Monday, September 08, 2014

The Blame Game 

If you get off the train in Spring Valley, N.Y., in Rockland Country, 40 minutes northwest of New York City, you will find yourself in a place that looks like many other charming little villages in New York and New Jersey, with one essential difference: In Spring Valley, the gabled two-story houses, some with porches and garrets, show signs of an immigrant population nearby. The quaint brick train station houses a Golden Krust Caribbean Bakery and Grill; on the first block past the train station you will find an immigration lawyer, three beauty salons, a dollar store, a money-transfer agency whose sign is in French, and a travel agency whose sign is in Spanish. If you follow the road up a hill and turn right on Route 59, it’s not long before the first traces of yet another community begin to emerge: The signs change from Spanish and French into Yiddish and Hebrew. Abutting the second church on the next block is a Jewish funeral home and across the street—like a bad joke—a debt-resolution agency. The school district here incorporates not just Spring Valley proper—with its large African American, Haitian, and South American communities—but also several other towns and hamlets, including Monsey, where many ultra-Orthodox Jews live. Their population is about 50,000, and it’s growing.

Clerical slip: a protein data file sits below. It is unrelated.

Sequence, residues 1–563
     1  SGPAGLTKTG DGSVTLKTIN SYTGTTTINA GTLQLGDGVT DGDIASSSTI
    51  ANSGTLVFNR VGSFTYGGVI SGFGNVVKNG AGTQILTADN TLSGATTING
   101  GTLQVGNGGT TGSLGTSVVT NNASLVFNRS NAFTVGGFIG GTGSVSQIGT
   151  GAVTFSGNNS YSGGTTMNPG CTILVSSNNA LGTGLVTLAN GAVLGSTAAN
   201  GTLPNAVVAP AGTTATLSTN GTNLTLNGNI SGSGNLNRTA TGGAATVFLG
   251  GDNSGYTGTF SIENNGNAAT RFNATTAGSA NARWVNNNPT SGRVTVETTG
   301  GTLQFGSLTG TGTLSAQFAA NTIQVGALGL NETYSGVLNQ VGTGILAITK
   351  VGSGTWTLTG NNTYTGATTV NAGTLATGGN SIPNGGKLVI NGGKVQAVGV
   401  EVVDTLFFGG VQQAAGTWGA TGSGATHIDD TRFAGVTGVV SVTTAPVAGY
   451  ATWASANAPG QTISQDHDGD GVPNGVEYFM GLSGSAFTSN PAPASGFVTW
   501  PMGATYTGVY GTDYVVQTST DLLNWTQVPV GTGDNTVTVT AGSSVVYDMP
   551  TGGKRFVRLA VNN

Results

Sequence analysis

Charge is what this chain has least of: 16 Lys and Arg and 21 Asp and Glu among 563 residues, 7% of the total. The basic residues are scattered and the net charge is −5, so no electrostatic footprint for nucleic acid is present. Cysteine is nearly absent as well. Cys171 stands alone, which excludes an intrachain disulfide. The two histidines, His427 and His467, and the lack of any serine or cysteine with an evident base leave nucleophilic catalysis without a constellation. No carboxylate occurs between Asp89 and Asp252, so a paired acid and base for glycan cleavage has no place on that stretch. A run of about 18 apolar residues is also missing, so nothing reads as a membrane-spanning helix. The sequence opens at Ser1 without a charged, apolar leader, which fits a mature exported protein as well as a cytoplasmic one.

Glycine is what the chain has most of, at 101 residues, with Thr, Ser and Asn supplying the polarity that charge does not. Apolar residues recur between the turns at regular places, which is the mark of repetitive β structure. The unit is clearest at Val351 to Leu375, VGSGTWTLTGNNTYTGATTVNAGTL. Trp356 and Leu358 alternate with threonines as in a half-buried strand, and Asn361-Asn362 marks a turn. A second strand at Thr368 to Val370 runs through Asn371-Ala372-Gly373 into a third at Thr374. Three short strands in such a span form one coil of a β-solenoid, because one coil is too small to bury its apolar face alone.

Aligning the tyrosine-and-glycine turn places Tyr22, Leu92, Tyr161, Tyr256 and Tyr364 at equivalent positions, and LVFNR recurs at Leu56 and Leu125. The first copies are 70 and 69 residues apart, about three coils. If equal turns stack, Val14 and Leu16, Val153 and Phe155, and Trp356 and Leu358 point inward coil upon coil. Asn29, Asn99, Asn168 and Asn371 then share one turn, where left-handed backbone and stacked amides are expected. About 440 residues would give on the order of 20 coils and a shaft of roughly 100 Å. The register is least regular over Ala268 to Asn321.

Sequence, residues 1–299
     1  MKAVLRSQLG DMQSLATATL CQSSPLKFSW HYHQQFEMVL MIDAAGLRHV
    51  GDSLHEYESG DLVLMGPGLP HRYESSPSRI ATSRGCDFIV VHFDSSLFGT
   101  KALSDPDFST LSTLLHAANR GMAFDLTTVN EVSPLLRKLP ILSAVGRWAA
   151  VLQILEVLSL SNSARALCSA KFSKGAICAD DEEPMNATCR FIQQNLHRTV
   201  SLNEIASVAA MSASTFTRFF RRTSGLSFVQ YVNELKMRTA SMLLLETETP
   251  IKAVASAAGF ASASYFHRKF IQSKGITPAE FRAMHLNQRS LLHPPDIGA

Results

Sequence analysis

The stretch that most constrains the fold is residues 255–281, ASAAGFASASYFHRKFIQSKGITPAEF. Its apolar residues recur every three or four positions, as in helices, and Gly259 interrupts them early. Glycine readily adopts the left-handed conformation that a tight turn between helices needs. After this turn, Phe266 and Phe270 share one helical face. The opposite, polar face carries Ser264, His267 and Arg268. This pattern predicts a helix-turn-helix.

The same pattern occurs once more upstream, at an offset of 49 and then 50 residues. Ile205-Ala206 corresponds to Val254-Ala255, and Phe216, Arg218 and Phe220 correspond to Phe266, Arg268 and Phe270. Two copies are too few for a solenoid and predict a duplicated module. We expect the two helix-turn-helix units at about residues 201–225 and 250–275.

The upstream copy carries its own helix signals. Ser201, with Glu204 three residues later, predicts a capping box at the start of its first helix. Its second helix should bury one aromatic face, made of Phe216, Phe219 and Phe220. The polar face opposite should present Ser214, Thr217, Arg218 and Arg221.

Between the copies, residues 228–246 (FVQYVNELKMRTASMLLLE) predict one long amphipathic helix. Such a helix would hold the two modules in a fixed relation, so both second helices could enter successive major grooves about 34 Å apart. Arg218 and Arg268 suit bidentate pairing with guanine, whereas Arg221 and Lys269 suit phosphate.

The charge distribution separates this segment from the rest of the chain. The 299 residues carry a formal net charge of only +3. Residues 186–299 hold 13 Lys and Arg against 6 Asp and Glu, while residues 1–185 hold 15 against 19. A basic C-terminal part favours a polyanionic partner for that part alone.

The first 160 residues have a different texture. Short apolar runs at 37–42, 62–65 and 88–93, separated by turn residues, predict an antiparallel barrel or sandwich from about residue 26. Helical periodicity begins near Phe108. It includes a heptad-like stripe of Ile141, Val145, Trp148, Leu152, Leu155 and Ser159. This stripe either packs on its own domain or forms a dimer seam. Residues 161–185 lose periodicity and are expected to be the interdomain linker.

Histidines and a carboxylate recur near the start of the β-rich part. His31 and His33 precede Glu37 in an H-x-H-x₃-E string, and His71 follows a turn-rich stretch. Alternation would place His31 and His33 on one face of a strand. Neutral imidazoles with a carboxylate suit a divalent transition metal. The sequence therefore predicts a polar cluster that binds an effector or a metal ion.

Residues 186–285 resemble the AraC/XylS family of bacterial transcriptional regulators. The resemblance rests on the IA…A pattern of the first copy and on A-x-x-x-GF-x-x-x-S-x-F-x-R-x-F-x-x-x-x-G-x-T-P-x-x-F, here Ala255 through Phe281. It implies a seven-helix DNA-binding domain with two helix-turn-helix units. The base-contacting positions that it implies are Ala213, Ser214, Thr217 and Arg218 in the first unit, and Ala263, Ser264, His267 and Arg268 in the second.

On July 1, I came to town to watch as five Hasidim, two non-Hasidic Orthodox Jews, an African American man, and a Haitian man sat together behind a long wooden table at the East Ramapo Central School District administration building. These men make up the district’s board, and they are the most hated men in town. As Yehuda Weissmandl, the soft-spoken board president, who wore a long black coat and big velvet yarmulke, read the Pledge of Allegiance, the first signs that all is not right in East Ramapo began to percolate from hidden depths to the surface. “Does he even speak English?” a voice whispered from the back of the room. And then: “He doesn’t know what the Constitution is.”

A visible camaraderie seemed to exist among the board members, like the bonhomie that suffuses a religious congregation during services. But their good cheer seemed only to further infuriate the public attendees. After hearing from the treasurer, Israel Bier, an ancient-looking Hasidic man with unraveling white payes and a long black coat, the board voted against requiring two people to sign every check. In the audience, a woman whispered loudly, “You see, now just he gets to sign all the checks.” But this was a quiet meeting compared to some. In 2009, one of the school board’s hired attorneys, Chris Kirby, called a parent a “fat cunt” and told her, “If I were married to you, I would fucking blow my brains out.” (“You’re not man enough,” she answered back.)